Why the Big Fuss Over FAA Ticketing?
Airmen and alphabet groups alike are furious about the FAA's new "ticketing" program, and rightly so...the program is seriously flawed. But AVweb editor-in-chief Mike Busch believes that the original goals of the program are valid, and the FAA could easily fix the flaws without scrapping the program or eviscerating it. Let's hope the FAA is listening when it meets on this issue July 21st.
It was a beautiful day to go flying. The air was smooth, the airplane performed flawlessly, and the landing was so smooth that one passenger asked "are we down yet?" As you complete your after-shutdown checklist and open the cabin door, you spot a stranger in a white shirt and dark tie walking toward your airplane, and then your blood runs cold when you notice his blue nametag with its FAA "meatball" seal.
Inspector: "Hello. I'm John Dokes, an aviation safety inspector with the FAA's Smithtown FSDO. I'm conducting a routine ramp inspection, part of the FAA's normal surveillance program. May I please see your pilot and medical certificates?"
Pilot: "Certainly, Mr. Dokes. ... I keep them right here in my wallet. ... Ahhh, give me a moment. ... Darn! ... Oh gee! I took them out of my wallet yesterday to make a photocopy for my insurance renewal, and I must have forgotten to put them back. I'll bet they're sitting on my dresser at home. I just can't believe it! I always carry them with me... What should I do?"
Inspector: "Are you aware that FAR 61.3 requires that you have your pilot and medical certificates in your physical possession or readily accessible in the aircraft when you act as pilot-in-command?"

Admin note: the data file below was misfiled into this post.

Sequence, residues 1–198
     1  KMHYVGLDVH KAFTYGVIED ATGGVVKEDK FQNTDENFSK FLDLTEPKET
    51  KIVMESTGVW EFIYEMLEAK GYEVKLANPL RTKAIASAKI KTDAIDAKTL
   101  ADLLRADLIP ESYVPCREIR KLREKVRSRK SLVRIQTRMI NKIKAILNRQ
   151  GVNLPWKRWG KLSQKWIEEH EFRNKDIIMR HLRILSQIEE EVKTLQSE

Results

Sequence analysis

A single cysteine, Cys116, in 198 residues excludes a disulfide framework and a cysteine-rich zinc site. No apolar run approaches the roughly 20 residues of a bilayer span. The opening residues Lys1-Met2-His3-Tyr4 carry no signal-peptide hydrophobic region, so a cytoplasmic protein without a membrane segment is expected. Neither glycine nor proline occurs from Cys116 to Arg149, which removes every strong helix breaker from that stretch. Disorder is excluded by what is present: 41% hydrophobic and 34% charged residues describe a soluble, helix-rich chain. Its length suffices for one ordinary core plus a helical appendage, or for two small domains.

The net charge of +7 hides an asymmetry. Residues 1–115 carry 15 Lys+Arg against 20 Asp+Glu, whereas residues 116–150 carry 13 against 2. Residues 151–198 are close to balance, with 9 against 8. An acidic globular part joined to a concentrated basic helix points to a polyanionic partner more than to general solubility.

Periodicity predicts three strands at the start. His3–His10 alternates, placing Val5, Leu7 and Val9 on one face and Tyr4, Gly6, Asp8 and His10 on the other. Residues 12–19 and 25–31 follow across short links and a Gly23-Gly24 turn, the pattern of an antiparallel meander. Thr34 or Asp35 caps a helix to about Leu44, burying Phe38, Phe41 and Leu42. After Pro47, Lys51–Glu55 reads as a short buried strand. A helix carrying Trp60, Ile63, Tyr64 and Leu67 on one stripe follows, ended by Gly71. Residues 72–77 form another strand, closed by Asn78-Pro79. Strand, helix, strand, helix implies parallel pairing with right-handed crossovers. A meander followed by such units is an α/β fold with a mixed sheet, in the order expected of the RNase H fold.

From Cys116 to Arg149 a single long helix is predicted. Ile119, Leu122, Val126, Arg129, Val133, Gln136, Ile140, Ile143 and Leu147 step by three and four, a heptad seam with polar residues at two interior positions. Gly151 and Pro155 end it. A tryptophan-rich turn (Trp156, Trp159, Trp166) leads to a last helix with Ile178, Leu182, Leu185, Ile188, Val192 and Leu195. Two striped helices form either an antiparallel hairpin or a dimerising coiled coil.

Pilot: "Yes I am, sir, and I always carry them in my wallet, as I told you. I just can't believe I forgot..."
Inspector: "Well, although it's apparent that you violated FAR 61.3, it's clear to me that your violation was inadvertent. So I'm just going to issue you a warning on this "ticket" form and leave it at that. The warning will remain in your file for two years and then be expunged. May I have your name and address please..."
So what's the big fuss about the new ticketing program, as set forth in Compliance/Enforcement Bulletin #98-1 and symbolized by the new FAA Form 2150-7 "ticket" and as examined so skillfully by AVweb's aviation law editor Phil Kolczynski in his article "Ramp Check '98: The FAA Inspector as Traffic Cop"?
Isn't it a good thing that the inspector was able to let the pilot go with just a warning? Isn't it a good thing that the matter could be resolved on-the-spot without all sorts of intimidating paperwork like Letters Of Investigation and Enforcement Investigation Reports? Why are AVweb and pilot alphabet groups like ALPA, AOPA and EAA making such a stink about this? Isn't this new program which the FAA field-tested in Alaska before deciding to deploy in the Lower 48 something that conscientious airmen should welcome, and that only the scofflaws and cowboys among us should fear?
What's wrong with this picture?
In fact, the scenario illustrated above is precisely how the folks who designed the FAA's new streamlined administrative action program intended the program to be used. If I could be sure that it would be used only in situations like this, I wouldn't object to it a bit. I've certainly got nothing against reducing FAA paperwork and bureaucratic monkey motion. Nor do I believe that long, drawn out enforcement procedures are desirable for simple matters that an airman and inspector agree can be settled on-the-spot.
The real issue, however, is what happens when things depart from this idyllic textbook scenario? What if an inspector cites an airman for violating an FAR that the airman doesn't believe he's violated? What if the airman wants a little time to look up the regs, or to consult with his CFI or A&P or attorney? What if the inspector is wrong about what the FARs say, or wrong in his interpretation of what they require of the airman? (Hey, it happens! Remember the inspector who grounded a twin Cessna as unairworthy because he'd never seen Q-tip props before?)
Aye, there's the rub!